What Happens to Kale When it Hears Itself Being Eaten?

Advances in sensors and communication systems, such as those pinpointing the amount of water and fertilizers needed in just one corner of a plot of land, are allowing farmers to use technology to produce more food. Now there’s a surprising new tool to add to the precision agriculture arsenal: sound.

Source: What Happens to Kale When it Hears Itself Being Eaten?

The fact that plants hear is nothing new, but the idea of using sound to trigger their defense mechanisms is.  While there’s the benefit to agriculture (and subsequently our health), I have to figure that the trade-off will be taste, nutrition, and possibly resources (more defense would mean more water/etc).

What to Eat After the Apocalypse

In 1841, an invasive water mold began to infect the world’s potatoes. Starting from Mexico, the infectious agent of blight traveled up through North America, then crossed the Atlantic. Eventually it reached Ireland, where, as the journalist Charles Mann described it, “four out of ten Irish ate no solid food except potatoes, and … the rest were heavily dependent on them.”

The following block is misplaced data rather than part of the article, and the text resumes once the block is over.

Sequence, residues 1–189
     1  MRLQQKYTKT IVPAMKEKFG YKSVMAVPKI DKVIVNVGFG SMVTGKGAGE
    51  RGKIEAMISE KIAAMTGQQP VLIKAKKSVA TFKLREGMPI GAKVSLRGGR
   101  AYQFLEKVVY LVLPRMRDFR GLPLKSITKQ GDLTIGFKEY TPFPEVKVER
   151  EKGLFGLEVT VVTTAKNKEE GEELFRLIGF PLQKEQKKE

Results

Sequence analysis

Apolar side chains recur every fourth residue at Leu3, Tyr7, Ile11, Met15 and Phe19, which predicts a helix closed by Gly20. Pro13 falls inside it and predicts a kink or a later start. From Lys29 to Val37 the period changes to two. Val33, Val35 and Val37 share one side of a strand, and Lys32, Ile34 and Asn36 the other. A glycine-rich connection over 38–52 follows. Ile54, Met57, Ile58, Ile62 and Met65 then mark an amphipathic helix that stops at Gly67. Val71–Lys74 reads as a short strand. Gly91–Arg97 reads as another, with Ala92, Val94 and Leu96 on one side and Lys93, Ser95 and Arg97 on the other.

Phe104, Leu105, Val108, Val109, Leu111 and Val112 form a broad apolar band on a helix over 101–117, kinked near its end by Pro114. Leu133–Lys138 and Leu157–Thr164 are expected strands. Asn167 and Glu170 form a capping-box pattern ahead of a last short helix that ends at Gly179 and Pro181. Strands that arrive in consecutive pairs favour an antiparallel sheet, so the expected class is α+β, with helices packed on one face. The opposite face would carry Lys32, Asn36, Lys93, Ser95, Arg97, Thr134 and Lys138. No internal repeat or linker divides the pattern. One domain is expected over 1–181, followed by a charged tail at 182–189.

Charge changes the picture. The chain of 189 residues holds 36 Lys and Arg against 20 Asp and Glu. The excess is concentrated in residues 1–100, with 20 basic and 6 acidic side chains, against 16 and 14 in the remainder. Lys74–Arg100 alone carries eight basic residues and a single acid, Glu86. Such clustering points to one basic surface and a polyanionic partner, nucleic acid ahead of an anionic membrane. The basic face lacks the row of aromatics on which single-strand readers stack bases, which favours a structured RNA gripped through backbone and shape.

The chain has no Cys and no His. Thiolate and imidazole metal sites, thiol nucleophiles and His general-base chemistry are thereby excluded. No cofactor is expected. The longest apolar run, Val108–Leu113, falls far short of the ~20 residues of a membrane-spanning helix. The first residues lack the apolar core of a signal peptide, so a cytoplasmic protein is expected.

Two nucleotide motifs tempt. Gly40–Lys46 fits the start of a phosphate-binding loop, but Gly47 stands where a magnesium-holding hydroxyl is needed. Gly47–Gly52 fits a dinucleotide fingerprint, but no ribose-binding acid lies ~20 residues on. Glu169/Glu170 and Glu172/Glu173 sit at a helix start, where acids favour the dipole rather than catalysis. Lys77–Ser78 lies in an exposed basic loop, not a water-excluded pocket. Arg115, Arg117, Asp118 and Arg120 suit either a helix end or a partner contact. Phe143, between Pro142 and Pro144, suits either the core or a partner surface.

The Great Famine, as it came to be known, could have been avoided in any number of ways, not least by ceasing the export of food from Ireland to Britain. But the British government failed to take effective action. The question of avoiding starvation becomes harder still if some apocalyptic event causes the whole world to starve. How might a government prepare for a worst-case scenario?

This is a question Joshua Pearce, an associate professor of materials science and engineering, and electrical and computer engineering at Michigan Technological University, began to think about while working on providing low-cost drinking water to the developing world. He found the prospect of disaster terrifying. “This would make us no better off than the dinosaurs, despite all of our technical progress,” he told me. “Humanity is too smart for that.”

Source: What to Eat After the Apocalypse

The article mentions that we could feed kids wood pulp.  Sadly, most already injest as it’s used widely an additive.  It stops shredded cheese from sticking together, for one…